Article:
I have been reading a lot of crime fiction recently:
Flood by Andrew Vachss: Burke is a detective and con-artist working in New York City. A foster child and ex-con, he has a special feeling for cases involving abused children. When a mysterious woman named Flood arrives, Burke is hired to find a child killer so she can take revenge. I read about this series when it was name-checked by the great Irish crime writer Ken Bruen, and I was very impressed. Vachss writes in the hard-boiled American detective story tradition, and Burke walks the mean streets of New York City filled with prostitutes, street corner prophets and runaways. The characters in particular are memorable, Burke coming off as an updated Philip Marlowe, and his colleagues like the technology expert The Mole are drawn with subtlety and care. This was a very well written and consistently engaging story, and I look forward to checking out the rest of the series. Fans of dark crime fiction will find much to enjoy here.
Dirty Money by Richard Stark: When we last saw the master criminal Parker, he and his associates had seen their armored car heist in the Berkshires of Western Massachusetts go spectacularly wrong. With one co-conspirator in the clink, and the money too hot to handle, Parker had to stash it in an abandoned church with hopes of going back for it later. When he hears that the jailed robber has busted out, killing a US Marshall in the process, he knows it's now or never to get the money. He hooks back up with the cons from the scam, never knowing who to trust and always watching out for the double cross. Can Parker get the money with every cop in three states on the lookout? Can he launder the money to make a profit when the authorities have all the serial numbers? Richard Stark is the pseudonym crime writer Donald Westlake uses when he wants to write hard boiled crime fiction in the tradition of Dashiell Hammett and Raymond Chandler. It's tough guy crime noir at its finest and highly recommended.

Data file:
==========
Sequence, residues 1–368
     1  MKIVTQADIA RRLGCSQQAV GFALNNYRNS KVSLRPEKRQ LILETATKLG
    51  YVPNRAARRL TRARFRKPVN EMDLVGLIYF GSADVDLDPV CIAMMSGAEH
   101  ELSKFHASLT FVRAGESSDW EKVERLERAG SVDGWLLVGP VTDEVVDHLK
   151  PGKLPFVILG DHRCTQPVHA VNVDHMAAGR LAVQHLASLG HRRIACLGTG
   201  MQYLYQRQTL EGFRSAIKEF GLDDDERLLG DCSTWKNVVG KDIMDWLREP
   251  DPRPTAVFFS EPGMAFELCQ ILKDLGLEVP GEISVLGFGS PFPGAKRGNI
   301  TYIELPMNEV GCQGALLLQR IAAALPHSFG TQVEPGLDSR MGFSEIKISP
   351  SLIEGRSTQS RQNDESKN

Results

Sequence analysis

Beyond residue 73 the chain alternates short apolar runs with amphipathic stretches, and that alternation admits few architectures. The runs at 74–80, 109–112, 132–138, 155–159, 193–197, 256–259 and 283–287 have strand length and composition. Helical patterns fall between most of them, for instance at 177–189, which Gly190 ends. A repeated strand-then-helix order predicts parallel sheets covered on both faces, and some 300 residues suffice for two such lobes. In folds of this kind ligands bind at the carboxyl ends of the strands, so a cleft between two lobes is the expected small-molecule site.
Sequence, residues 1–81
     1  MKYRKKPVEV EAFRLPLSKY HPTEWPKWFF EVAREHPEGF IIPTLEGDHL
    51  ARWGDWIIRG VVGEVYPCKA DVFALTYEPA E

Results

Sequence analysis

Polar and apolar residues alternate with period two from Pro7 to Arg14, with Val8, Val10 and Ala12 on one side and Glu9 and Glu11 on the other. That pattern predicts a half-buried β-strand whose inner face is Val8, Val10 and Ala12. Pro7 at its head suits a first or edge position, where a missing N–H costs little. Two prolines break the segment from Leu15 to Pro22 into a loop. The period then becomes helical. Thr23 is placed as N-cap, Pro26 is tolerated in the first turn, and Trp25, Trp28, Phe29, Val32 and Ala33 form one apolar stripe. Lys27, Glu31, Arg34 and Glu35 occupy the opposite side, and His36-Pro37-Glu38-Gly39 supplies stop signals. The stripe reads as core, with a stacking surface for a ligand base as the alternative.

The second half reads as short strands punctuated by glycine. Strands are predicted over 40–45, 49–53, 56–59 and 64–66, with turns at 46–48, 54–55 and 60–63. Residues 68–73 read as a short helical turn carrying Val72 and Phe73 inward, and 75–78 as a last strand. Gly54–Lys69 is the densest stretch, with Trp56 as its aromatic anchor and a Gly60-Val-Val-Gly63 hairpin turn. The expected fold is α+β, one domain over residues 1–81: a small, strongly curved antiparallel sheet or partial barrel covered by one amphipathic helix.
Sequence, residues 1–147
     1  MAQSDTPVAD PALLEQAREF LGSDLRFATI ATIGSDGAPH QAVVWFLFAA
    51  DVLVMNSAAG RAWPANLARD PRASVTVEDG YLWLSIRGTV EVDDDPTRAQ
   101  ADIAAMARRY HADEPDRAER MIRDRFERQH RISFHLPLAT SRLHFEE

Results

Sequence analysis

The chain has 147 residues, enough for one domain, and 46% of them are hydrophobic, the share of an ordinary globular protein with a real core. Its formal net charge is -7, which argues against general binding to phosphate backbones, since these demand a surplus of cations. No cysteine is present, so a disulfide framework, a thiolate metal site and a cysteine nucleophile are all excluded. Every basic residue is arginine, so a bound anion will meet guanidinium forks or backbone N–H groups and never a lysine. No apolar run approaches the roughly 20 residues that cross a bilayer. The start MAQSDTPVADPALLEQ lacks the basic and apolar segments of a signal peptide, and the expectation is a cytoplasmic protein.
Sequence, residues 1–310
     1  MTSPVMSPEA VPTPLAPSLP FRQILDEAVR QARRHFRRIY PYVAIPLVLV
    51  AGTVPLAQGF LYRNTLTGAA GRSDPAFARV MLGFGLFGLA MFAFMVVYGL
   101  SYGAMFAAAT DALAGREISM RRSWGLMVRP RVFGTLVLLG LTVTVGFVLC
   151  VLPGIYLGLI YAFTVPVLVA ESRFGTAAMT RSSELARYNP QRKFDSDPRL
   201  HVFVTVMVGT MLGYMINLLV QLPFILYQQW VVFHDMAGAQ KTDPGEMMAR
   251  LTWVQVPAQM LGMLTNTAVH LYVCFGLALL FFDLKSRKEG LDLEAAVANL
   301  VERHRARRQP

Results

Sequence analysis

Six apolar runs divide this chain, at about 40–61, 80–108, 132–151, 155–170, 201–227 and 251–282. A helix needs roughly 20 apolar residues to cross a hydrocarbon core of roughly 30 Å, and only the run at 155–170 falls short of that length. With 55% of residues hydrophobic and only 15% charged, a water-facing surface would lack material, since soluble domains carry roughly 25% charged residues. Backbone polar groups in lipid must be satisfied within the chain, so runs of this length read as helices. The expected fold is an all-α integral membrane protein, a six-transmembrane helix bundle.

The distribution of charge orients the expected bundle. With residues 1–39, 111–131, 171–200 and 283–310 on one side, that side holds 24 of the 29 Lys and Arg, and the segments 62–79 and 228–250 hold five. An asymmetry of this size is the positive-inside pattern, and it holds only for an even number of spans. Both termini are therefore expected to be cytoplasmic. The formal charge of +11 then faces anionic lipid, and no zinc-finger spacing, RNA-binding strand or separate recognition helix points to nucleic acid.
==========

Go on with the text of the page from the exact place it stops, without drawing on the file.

Blood Trail by C.J. Box: Wyoming Fish and Wildlife game warden Joe Pickett is on the trail of a killer. Someone is hunting the hunters, and leaving them for dead in the woods. Meanwhile, and anti-hunting protester has come to town, looking to make a statement. Trapped between scheming, manipulative bureaucrats and the clock ticking on more murders, Pickett must solve a multi-layered and complex crime. C.J. Box is a talented and thoughtful storyteller, and his Pickett series is one of the best in contemporary crime fiction. He explores both sides of an issue in his novels (like the morality of hunting) but these philosophical concerns never get in the way of the narrative. While the auxiliary characters can seem a little one-dimensional, particularly the women of the novel who are portrayed as either manipulative b-words or mom and apple pie saints, the meat of the crime story is substantial and memorable.
Send comments to: Tim
Wilderness Festival: Cutler and Wyatt
4 hours ago